One of the major hurdles in the collective effort towards space exploration is the transport of tools and materials. Due to the weight and speed limitations necessary to exit the Earth’s atmosphere, scientists have had to stock spacecraft’s sparingly. Another consequence of this has been a need to decrease time spent on outer space voyages.
One of the ways in which aerospace engineers and rocket scientists have been trying to mitigate these factors is 3D printing soil. By printing on location, astronauts may be able to diminish the issues related to weight and space. Researchers at Northwestern’s Mccormick school of engineering have developed a novel means of processing martian and lunar soil.
This new method is an extension of 3D painting methods. As a result of 3D painting and inks the team can process functional and structural parts. This method is space travel friendly and cost-effective, as well as light weighted in terms of transport costs. Another benefit of this method is that it doesn’t require lasers or intense heat.
The texture of the materials is composed of micro-rocks. Despite this, the material is quite flexible. The texture is quite similar to rubber in this regard. Compositionally, it is 90% dust, so it is quite light as well. The material itself can be folded and rolled. As of right now, the team is working on a means of solidifying the material and creating harder structures from it. They theorise that the use of a furnace may potentially let them achieve this.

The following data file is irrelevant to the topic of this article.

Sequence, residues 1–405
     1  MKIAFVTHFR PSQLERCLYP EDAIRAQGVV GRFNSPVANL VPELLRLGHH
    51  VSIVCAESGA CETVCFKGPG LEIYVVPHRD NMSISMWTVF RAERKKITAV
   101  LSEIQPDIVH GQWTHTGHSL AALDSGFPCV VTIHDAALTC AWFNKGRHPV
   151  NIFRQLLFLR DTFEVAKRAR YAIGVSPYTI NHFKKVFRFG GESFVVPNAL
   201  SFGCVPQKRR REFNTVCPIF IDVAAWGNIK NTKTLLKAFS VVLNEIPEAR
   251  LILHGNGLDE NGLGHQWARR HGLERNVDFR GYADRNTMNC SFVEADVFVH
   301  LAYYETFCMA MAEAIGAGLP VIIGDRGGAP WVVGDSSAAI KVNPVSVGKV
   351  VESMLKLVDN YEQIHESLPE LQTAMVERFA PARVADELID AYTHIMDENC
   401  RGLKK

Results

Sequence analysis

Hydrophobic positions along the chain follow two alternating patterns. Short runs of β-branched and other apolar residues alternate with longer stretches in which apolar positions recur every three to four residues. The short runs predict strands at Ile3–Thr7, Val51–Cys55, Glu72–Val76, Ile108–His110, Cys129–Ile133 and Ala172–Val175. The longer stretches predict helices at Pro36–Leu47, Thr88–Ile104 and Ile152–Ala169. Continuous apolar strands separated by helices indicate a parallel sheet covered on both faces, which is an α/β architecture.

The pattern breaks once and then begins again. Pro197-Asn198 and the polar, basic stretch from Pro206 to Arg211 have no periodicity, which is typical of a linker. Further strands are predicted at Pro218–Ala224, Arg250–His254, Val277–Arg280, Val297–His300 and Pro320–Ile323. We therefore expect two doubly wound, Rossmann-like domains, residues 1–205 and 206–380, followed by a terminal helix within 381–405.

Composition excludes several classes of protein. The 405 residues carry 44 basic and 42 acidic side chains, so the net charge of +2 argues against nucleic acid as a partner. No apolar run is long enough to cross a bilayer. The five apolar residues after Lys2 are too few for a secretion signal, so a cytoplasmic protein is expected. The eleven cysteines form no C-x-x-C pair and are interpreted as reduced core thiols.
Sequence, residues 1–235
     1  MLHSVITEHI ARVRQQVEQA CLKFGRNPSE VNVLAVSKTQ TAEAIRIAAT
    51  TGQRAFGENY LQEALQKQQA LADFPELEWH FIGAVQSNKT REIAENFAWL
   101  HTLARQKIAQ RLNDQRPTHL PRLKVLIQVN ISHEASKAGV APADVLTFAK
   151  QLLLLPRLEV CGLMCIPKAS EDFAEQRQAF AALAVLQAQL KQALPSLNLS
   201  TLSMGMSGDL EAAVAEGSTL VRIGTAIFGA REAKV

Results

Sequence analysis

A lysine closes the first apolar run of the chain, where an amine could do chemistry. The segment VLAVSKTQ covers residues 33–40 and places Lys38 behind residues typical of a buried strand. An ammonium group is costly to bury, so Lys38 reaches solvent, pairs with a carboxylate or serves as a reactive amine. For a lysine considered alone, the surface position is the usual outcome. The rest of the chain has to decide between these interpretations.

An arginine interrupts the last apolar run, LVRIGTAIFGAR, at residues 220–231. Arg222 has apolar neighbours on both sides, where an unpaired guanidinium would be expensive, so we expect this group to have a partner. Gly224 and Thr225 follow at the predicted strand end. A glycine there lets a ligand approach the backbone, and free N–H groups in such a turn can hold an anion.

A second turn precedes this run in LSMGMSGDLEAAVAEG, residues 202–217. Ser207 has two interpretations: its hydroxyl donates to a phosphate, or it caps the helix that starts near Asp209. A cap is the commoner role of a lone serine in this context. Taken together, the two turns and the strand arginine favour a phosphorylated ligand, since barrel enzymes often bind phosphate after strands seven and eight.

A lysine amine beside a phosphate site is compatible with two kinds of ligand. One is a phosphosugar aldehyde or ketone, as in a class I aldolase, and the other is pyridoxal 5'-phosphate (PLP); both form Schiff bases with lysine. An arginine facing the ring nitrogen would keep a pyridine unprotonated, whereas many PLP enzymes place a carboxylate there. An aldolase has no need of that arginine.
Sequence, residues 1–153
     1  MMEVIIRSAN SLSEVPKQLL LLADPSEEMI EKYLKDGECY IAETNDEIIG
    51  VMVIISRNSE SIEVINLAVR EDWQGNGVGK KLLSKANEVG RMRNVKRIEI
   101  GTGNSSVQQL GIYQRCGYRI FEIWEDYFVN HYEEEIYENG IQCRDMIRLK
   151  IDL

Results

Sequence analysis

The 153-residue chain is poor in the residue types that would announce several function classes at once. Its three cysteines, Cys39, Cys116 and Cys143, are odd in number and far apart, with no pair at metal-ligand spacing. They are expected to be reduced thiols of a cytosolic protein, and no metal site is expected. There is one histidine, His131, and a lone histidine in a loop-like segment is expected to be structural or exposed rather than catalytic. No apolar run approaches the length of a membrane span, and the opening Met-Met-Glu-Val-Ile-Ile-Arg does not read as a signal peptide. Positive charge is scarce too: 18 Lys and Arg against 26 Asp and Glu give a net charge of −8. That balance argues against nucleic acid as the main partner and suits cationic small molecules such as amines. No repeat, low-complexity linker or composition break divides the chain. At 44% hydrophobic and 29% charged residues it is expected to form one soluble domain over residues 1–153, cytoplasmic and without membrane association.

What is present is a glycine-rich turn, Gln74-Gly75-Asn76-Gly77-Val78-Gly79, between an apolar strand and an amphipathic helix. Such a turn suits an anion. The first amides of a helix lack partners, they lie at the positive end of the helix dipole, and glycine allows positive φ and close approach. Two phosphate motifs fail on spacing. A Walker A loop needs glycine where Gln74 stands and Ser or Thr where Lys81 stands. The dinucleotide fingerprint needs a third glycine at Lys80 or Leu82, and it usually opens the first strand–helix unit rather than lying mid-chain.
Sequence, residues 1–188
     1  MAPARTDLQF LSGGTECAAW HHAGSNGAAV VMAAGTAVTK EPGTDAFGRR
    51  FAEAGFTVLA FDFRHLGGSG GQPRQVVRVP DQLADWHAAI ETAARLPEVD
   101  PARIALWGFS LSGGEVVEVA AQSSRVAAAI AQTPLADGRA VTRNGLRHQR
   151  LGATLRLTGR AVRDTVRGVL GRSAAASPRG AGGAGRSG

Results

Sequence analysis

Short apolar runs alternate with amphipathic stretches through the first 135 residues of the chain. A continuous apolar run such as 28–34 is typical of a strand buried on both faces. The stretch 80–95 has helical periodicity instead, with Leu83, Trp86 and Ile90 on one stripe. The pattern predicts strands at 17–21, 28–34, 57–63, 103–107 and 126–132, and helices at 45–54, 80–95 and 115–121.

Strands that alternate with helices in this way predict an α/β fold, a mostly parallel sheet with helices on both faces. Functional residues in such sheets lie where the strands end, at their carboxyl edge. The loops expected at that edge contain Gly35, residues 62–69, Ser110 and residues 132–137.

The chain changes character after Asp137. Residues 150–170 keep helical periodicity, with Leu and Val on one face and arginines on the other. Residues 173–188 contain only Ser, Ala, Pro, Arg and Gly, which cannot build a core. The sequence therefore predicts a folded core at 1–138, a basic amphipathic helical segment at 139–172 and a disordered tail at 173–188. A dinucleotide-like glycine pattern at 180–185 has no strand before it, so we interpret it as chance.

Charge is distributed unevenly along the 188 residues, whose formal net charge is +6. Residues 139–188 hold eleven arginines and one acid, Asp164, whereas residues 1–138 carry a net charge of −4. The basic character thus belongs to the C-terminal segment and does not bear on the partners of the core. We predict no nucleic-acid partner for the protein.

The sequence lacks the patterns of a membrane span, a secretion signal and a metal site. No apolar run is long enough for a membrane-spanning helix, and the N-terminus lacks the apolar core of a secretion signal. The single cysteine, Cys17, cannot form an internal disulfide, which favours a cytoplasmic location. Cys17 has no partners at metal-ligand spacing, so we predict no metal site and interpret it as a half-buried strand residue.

Northwestern and TEAM
Northwestern’s Tissue Engineering and Additive Manufacturing (TEAM) lab undertook this project. The team has been conducting novel research in the fields of 3D printing, bioprinting and print materials. Their previous projects included the creation of hyper-elastic surgically friendly bone. The team is led by professor Ramille Shah.
On their page they define their mission statement accordingly:
“We are developing novel processes for engineering novel 3D-inks and greatly expand the variety of 3D-printable materials. Defining “printability”, or the characteristics that enable a material ink to be successfully 3D-printed into a bulk structure, is also another major focus of the group. Once a material ink becomes printable, the Shah TEAM lab optimizes the ink specific 3D-printing parameters and fabricates objects for both fundamental testing as well as direct application.”